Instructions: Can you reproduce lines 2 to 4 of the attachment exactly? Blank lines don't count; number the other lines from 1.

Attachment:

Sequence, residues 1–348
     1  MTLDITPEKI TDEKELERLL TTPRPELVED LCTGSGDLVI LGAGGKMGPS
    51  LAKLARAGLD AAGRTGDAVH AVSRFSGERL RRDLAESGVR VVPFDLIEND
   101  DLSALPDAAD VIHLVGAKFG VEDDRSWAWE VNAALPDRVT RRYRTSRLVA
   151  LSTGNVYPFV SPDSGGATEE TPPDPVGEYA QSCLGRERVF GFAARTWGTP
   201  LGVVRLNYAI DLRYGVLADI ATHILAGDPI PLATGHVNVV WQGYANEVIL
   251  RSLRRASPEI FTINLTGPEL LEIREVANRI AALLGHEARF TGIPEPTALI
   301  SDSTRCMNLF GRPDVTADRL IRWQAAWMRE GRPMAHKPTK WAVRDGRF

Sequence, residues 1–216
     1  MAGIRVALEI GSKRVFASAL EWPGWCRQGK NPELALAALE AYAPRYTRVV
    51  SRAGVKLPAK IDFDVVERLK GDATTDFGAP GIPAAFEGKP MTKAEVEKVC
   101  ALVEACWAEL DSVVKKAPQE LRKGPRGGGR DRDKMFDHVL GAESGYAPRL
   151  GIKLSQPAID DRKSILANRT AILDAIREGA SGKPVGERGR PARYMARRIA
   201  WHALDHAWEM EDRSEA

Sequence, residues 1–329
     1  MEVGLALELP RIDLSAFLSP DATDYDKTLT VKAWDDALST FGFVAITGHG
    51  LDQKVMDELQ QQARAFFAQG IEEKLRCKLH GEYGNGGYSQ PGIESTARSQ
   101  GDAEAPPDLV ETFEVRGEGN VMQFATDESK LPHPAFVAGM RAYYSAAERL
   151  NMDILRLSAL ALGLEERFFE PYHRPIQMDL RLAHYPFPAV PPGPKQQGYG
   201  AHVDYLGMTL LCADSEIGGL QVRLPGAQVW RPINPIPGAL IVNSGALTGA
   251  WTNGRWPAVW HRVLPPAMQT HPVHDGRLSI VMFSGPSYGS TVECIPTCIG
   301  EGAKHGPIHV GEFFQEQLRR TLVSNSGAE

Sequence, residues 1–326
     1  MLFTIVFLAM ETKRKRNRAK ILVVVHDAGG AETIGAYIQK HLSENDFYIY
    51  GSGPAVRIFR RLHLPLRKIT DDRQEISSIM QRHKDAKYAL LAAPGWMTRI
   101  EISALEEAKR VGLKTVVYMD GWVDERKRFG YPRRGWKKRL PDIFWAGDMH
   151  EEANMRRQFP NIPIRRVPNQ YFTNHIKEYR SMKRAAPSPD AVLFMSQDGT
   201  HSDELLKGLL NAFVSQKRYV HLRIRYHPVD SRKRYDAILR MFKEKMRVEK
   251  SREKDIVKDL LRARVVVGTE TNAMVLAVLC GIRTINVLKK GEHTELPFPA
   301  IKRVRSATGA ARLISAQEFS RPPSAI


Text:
     1  MTLDITPEKI TDEKELERLL TTPRPELVED LCTGSGDLVI LGAGGKMGPS
    51  LAKLARAGLD AAGRTGDAVH AVSRFSGERL RRDLAESGVR VVPFDLIEND
   101  DLSALPDAAD VIHLVGAKFG VEDDRSWAWE VNAALPDRVT RRYRTSRLVA